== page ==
Skip to main content

The consumer’s guide to UK action on greenwash

As the UK starts to crack down on misleading green claims, is eco-friendly shopping about to get easier? 

Sian Conway-Wood from #EthicalHour and author of Buy Better Consume Less explores what the new Green Claims Code means for consumers.

Walk along any aisle in the supermarket today and you’re likely to see dozens of products claiming to be ‘eco-friendly’ and ‘sustainable’ - from bamboo toothbrushes to flushable wipes, food items in “50% less plastic packaging” and even some items claiming to be “100% eco”.

Yet, up to 40% of green claims made online could be misleading consumers, by being too vague, omitting important information, or even outright lying about their environmental credentials, according to a 2021 review by the UK Competition and Markets Authority (CMA).

Growth in greenwash

As our awareness of the climate crisis has grown exponentially in recent years, demand for sustainable alternatives has skyrocketed. But unfortunately, so has greenwashing - with many companies deciding that it’s cheaper to put their budgets into marketing, advertising, PR and packaging that makes them look green and eco, than it is to actually spend the money changing their supply chains and processes.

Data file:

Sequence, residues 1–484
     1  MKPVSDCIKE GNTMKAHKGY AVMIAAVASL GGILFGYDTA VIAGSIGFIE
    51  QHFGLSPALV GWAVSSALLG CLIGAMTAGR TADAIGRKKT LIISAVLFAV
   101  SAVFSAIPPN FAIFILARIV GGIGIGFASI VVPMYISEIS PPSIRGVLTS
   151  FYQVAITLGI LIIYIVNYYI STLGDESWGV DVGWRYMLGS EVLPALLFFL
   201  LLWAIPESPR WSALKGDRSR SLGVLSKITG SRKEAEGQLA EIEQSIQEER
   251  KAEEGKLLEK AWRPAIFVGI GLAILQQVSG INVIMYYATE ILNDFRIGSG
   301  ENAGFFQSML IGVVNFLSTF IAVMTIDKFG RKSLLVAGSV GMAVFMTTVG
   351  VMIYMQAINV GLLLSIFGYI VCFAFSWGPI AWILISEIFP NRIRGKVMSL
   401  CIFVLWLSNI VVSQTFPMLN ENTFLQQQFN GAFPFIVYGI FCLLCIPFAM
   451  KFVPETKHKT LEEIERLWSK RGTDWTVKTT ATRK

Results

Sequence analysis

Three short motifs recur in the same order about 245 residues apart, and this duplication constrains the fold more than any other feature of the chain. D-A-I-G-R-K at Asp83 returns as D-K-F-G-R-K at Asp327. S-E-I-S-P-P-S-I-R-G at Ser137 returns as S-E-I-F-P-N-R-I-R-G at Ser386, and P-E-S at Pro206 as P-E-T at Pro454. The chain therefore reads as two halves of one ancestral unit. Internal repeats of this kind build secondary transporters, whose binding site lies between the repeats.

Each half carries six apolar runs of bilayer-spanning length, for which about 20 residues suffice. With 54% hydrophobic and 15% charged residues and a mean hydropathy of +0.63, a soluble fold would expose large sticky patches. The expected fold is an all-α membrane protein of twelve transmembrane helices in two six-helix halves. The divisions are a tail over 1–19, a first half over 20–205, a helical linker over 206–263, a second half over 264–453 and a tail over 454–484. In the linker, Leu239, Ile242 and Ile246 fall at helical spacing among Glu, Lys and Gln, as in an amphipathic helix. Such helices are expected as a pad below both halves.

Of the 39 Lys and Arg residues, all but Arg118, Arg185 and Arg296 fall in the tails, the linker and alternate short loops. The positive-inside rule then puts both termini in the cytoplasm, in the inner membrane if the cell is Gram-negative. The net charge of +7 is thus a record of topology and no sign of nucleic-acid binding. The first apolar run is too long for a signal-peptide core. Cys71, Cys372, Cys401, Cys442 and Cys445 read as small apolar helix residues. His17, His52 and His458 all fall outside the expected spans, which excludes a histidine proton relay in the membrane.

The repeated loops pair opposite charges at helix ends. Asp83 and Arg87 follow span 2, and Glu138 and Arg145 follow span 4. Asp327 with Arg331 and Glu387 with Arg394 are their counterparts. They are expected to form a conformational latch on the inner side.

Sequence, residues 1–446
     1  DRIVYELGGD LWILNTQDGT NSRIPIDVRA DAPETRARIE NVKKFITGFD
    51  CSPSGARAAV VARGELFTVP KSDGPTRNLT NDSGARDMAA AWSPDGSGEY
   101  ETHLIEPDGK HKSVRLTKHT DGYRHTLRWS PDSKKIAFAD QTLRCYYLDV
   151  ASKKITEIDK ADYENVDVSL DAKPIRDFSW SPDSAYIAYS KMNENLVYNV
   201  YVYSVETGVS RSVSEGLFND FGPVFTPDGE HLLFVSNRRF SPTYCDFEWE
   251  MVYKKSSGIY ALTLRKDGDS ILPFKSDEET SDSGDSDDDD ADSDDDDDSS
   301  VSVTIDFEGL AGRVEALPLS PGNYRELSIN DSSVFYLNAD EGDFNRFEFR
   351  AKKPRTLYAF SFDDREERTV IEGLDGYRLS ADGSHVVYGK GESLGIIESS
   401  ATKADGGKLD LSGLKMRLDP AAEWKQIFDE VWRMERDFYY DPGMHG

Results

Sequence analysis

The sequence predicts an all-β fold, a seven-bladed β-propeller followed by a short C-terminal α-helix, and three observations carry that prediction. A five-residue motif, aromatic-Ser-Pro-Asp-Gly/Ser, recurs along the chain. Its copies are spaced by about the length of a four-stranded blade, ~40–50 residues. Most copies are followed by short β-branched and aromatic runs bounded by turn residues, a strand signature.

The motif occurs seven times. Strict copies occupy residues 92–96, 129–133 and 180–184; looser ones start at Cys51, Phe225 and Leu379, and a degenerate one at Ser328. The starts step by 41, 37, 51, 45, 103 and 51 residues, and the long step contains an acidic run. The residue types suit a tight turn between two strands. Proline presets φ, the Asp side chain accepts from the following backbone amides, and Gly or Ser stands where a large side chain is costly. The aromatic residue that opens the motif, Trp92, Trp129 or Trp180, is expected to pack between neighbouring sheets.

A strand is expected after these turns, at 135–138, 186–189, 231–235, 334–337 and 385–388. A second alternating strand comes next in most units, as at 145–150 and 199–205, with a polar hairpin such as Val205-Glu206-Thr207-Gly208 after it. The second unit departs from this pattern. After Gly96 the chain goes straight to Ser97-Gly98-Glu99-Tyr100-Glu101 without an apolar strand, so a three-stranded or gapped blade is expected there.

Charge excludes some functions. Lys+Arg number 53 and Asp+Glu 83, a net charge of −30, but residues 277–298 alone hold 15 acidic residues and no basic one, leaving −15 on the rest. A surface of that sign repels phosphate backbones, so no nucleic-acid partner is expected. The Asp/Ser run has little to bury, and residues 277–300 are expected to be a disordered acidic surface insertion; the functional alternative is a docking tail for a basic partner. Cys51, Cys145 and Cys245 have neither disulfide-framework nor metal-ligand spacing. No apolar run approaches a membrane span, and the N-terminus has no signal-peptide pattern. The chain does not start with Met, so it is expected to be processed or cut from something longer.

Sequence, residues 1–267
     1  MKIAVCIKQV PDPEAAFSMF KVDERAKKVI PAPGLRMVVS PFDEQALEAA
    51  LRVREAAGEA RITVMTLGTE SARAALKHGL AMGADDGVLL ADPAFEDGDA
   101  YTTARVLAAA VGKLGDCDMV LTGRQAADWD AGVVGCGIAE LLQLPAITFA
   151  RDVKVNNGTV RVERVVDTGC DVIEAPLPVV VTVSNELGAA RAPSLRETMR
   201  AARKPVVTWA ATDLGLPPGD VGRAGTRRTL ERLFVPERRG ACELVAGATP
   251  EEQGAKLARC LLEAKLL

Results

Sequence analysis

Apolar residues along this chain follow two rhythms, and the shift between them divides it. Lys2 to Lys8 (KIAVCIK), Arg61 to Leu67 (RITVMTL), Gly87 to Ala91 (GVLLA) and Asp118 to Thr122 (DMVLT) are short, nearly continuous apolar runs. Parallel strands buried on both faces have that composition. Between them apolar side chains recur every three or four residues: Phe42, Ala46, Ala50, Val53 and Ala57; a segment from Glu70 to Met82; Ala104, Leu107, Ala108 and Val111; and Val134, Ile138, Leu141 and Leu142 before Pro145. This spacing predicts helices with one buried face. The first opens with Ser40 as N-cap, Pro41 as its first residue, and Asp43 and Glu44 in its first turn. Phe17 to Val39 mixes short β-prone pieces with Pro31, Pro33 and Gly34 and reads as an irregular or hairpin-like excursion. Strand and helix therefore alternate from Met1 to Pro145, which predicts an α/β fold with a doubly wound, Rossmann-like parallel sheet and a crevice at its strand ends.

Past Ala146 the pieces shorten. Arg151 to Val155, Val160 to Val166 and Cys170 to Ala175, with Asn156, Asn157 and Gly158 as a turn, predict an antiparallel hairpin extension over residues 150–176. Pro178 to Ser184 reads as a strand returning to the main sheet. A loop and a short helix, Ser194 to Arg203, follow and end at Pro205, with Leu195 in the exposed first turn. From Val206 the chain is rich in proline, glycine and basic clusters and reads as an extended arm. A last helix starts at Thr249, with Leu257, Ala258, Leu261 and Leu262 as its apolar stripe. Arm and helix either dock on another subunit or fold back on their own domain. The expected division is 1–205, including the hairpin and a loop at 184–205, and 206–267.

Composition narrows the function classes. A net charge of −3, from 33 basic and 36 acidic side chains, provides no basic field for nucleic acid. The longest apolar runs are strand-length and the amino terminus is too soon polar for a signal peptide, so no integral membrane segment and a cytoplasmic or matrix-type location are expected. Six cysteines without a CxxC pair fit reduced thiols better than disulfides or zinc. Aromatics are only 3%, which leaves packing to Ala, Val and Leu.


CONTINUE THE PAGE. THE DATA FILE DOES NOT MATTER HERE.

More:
Sustainability can be difficult for companies to understand, and making changes to global supply chains takes time. But it’s also a very PR friendly message that can allow businesses to reach new customer bases and leverage higher price points - so it’s natural that they would be pursuing this as a competitive advantage. And as with any strategic change of direction, it’s likely that mistakes will be made along the way.

Sometimes the greenwashing is accidental: well-meaning companies overstating their achievements or not evidencing their claims properly. Other times, it’s intentionally misleading, or even outright lying - as was the case with the VW ‘Diesel Dupe’ emissions scandal which came to light in 2015.

Woman holding two takeaway cups of hot drinks

What does government action on greenwash mean for consumers?

This is why the CMA have now released a new Green Claims Code - a piece of guidance aimed at helping businesses to ensure that any green claims they’re making are truthful and don’t mislead well-meaning shoppers.

So does this mean that eco-friendly shopping is about to get easier?

The answer is maybe more complex than we as ethical consumers want to hear. 

Misleading marketing, advertising or claims made on packaging (whether about eco credentials or any other features and benefits of a product) are already against the law.

Consumer protection laws and trading standards are in place to stop us getting misled when we shop. Unfortunately though, sustainability is often such a grey area, that until now, it’s been easy for companies to greenwash, both accidentally and on purpose. And the more aware consumers are becoming, the more sophisticated greenwashing is getting.

The Green Claims Code guidance is essentially just a reframe of existing legal responsibilities - with a particular focus on how companies should (and shouldn’t) talk about their eco efforts. So it’s likely that this will be a helpful resource for the companies that are trying their best but find sustainability confusing, and the ones that are genuinely trying to make a change. As for the intentional greenwashers? If they were comfortable pushing the limits before, it’s unlikely that this new guidance will deter them.